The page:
• Factors reported to increase a child’s likelihood of riding without a helmet include female sex, adolescent age, riding as a passenger, and riding a larger ATV than recommended for a child’s size.

What this study adds

  • In addition to clarifying individual factors that increase a child’s likelihood of experiencing an unhelmeted crash, this study is the first to identify specific socioeconomic factors that place a child at greater risk for experiencing an unhelmeted crash.

How this study might affect research, practice or policy

  • We hope these findings can better tailor and target injury prevention outreach programs focused on helmet use and safe riding practices for recreational ATVs and dirt bike riders living in high-risk counties.

Background

Off-road motorized vehicles—specifically all-terrain vehicles (ATVs) and dirt bikes—pose significant safety risks to children, especially when ridden without a helmet.1–5 The most recent US Consumer Product Safety Commission report on off-road motorized vehicles identified from 2015 to 2019 over 524 600 emergency department-treated injuries and 2258 deaths in the USA for all ages.4 Of these, disproportionately higher fatalities were reported in children aged 12–15 years when compared with their population representation.4 Risky riding practices—such as riding without a helmet, with passengers, and on paved roads—are widespread, particularly in children and adolescents.5–8

Although helmets have been shown to reduce morbidity and mortality resulting from off-road motorized vehicle crashes,1–3 9 unhelmeted riding remains a persistent issue among children and teenagers, with up to 80% neglecting to wear a helmet.3 5 6 10–12 Factors reported to increase a child’s likelihood of riding without a helmet include female sex, adolescent age, riding as a passenger, and riding a larger ATV than recommended for a child’s size.5 6 13–17 Furthermore, one study found that individuals who have been injured in a prior off-road vehicle crash were still less likely to wear a helmet in the future,18 suggesting that high-risk behaviors are engrained and difficult to change.19

Despite previous efforts to promote safe riding practices through professional society statements, policy,20–22 and education initiatives,7 23–25 little change in crash incidence or helmet use among children who ride ATVs and dirt bikes over the past decade has been realized.8 26–29 The economic impact of these injuries on individual families as well as the medical system is significant in terms of financial cost as well as future years of work lost due to morbidity.27 30–32 Moreover, our group recently reported increased consumption of neurosurgical resources among unhelmeted riders of off-road recreational vehicles.33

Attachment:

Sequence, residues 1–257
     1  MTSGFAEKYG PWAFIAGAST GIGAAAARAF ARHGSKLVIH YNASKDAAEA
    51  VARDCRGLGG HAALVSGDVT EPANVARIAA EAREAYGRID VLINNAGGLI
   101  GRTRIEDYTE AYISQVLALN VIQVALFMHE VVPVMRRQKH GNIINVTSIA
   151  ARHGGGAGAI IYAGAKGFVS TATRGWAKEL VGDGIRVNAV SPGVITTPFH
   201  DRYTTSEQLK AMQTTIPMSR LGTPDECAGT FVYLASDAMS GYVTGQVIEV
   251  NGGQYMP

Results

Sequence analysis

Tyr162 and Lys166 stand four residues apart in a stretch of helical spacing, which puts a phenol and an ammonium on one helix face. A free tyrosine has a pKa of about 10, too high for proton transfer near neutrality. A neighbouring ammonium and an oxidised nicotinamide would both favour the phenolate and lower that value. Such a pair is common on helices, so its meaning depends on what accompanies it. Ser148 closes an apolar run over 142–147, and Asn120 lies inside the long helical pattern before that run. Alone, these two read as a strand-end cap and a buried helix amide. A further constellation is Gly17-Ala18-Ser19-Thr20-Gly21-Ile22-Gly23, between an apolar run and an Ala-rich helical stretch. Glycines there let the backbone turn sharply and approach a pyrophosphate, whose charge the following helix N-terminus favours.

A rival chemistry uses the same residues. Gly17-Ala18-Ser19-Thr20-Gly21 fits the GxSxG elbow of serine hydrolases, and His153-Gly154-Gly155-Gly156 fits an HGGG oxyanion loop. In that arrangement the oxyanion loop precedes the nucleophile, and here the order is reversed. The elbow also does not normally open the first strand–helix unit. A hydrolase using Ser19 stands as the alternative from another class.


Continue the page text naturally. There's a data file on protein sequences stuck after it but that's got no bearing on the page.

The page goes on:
The myriad factors influencing a child’s likelihood to be injured while riding an ATV without a helmet can be organized using an epidemiological triangle approach that includes host, agent, and environmental factors.15 The physical environment is readily apparent, encompassing factors such as road surface, weather, and terrain. By contrast, a child’s social environment is less visible but equally—if not more—important to consider.16 24 34–36 This study, therefore, aimed to identify socioeconomic factors associated with unhelmeted crashes among children riding ATVs and dirt bikes in a recreational setting, thus informing future injury prevention efforts. We hypothesized that children living in communities with lower measures of socioeconomic status would be at greater risk to sustain an unhelmeted crash.

Methods

Study design and cohort

A retrospective study was conducted of all patients younger than 18 years who presented to a single American College of Surgeons (ACS)-verified level 1 pediatric trauma center and were evaluated by the pediatric trauma surgery team between January 1, 2010 and December 31, 2019, following an ATV or dirt bike crash.37 38 Per our institutional standard of practice, patients older than 15 years of age who present as a level I trauma are triaged to the adult hospital, whereas patients 16 and 17 years of age who present as level II or III trauma are triaged to the children’s hospital; however, no strict age-based exclusion criteria were applied for the purpose of this study. Because helmets are required in a competitive setting for both ATVs and dirt bikes, patients were excluded if the crash occurred in an organized competition (n=70) or if helmet status at the time of crash could not be determined (n=18; figure 1). The data accession and storage were performed in accordance with the Health Insurance Portability and Accountability Act in a secure REDCap database.39 Equator Network Strengthening the Reporting of Observational Studies in Epidemiology guidelines were followed as appropriate for this retrospective study.40